* Requiring lenders employing MLOs under temporary authority to take full responsibility for their actions as if they were fully licensed.

* Ensuring that MLOs cannot "renew" their transitional authority if they still have not completed their license application after 120 days.

The bill has been met with strong bipartisan support on Capitol Hill. Rep. Terri Sewell (D-Alabama), an original cosponsor of H.R. 2121, hails the legislation as "an opportunity to reduce the burden on working professionals moving between jobs without undermining the important consumer protections that the SAFE Act put in place."

On March 2, the bill was unanimously approved out of the House Financial Services Committee with a 56-0 vote, and it is awaiting a vote by the full House.

Some states, such as Virginia, have already adopted their own legislation to prepare their regulators for the system change. "We'll be ready on day one," says Nathan Burch, president of McLean Mortgage Corporation, Fairfax, Virginia.

"Virginia has already determined that a transitional authority is something the industry needs. Now they're just awaiting the federal go-ahead," he adds.

By bridging the gap for an MLO between bank and nonbank employment, H.R. 2121 would eliminate the existing barriers that prevent talented MLOs from joining an employer that might offer them the best chance to succeed in the industry.

Returning to a non-bank after time away

As loan officers come in the door, it's not uncommon to encounter a case where the MLO has previously completed NMLS licensure but the license has since expired. Often, the lapse was out of the MLO's control.

Maybe the MLO began his or her career at an independent, left for a bank that would not sponsor the license renewal, and is now returning. In other cases, it is a parent or loved one who left the company for an extended period to take care of a child or look after a sick family member.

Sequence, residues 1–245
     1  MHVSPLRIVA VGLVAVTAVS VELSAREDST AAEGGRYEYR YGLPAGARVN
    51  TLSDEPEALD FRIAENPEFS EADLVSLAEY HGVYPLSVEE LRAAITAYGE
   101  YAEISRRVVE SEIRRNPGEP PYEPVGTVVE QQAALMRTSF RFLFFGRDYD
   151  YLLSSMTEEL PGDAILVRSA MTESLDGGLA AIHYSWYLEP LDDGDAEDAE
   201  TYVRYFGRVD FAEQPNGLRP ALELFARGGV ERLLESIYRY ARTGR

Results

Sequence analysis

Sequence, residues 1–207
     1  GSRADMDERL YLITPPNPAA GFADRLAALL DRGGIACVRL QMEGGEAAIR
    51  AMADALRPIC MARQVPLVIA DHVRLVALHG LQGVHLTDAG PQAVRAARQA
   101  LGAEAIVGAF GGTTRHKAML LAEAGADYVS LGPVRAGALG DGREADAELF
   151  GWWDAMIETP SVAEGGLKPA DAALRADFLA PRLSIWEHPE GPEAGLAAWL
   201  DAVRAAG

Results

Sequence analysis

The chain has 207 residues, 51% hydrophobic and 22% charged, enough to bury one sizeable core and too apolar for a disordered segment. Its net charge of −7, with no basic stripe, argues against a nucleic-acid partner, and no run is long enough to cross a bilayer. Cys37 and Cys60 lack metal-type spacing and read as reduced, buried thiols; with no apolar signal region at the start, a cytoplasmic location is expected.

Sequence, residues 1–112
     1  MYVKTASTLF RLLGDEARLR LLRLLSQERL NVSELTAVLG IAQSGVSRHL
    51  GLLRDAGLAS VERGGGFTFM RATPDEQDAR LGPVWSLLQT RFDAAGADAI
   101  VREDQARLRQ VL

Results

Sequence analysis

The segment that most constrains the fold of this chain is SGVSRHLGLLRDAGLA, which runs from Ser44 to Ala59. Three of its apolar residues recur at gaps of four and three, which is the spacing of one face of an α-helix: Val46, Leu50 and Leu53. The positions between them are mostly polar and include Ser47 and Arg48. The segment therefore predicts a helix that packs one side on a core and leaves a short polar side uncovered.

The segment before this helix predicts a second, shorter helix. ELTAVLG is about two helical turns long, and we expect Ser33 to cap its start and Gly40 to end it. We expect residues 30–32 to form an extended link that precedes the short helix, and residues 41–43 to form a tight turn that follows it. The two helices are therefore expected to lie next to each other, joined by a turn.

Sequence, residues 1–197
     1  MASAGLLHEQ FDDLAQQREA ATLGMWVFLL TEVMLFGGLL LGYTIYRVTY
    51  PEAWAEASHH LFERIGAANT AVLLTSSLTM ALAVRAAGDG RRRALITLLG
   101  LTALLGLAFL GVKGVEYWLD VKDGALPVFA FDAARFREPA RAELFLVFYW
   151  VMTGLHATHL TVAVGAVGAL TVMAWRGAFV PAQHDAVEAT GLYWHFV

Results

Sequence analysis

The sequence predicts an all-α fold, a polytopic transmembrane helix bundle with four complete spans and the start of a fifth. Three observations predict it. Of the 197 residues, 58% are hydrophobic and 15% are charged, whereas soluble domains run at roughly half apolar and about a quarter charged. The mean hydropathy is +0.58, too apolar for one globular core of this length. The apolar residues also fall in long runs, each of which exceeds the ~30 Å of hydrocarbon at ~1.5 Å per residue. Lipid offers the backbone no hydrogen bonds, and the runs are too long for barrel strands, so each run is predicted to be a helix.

There is an inherent inequity in requiring these individuals to repeat the pre-licensure education and testing process. In response to these and other industry concerns, in August 2012, NMLS expanded the definition of the "Approved-Inactive" license, which gives MLOs the option to obtain or renew their licenses in an inactive status when they are not currently employed by a state-licensed firm. Yet, this option is still only available in about half of the states, as only 36 of the 59 state mortgage industry regulators honor any type of Approved-Inactive status.

While it is important to note that this issue also would be solved by enactment of H.R. 2121, the best interim approach is for the remaining state regulators to grant an Approved-Inactive license. The unresolved question is whether any more regulators are inclined to do so.

"Since announcing this expansion of the Approved-Inactive definition three and a half years ago, very few state regulators have joined the original adopters," says William Kooper, MBA's vice president of state government affairs and industry relations.

"It's surprising to us because we've always believed that, for multiple reasons, it is in the state's interest," he says.

For example, Approved-Inactive licensing status provides MLOs at banks a great opportunity to stay current on their own training requirements by learning the laws of the states in which they originate. Indeed, the CFPB has acknowledged that completing the eight hours per year of NMLS-approved continuing education content is sufficient to satisfy the training requirement for bank MLOs in the Loan Originator Compensation rule.

Recent graduates entering the industry

The rigorous NMLS exam ensures that all new MLOs have a solid grounding in the laws, regulations and market fundamentals. However, it doesn't guarantee that a new licensee will be successful as an MLO. In fact, in my experience, the system practically encourages new MLOs to try it and quit.

These new MLOs often receive no formal sales training, they are often compensated on a pure-commission basis before they are sufficiently established in their markets and they see no immediate opportunity for advancement or any type of relevant performance metric other than their total production volume.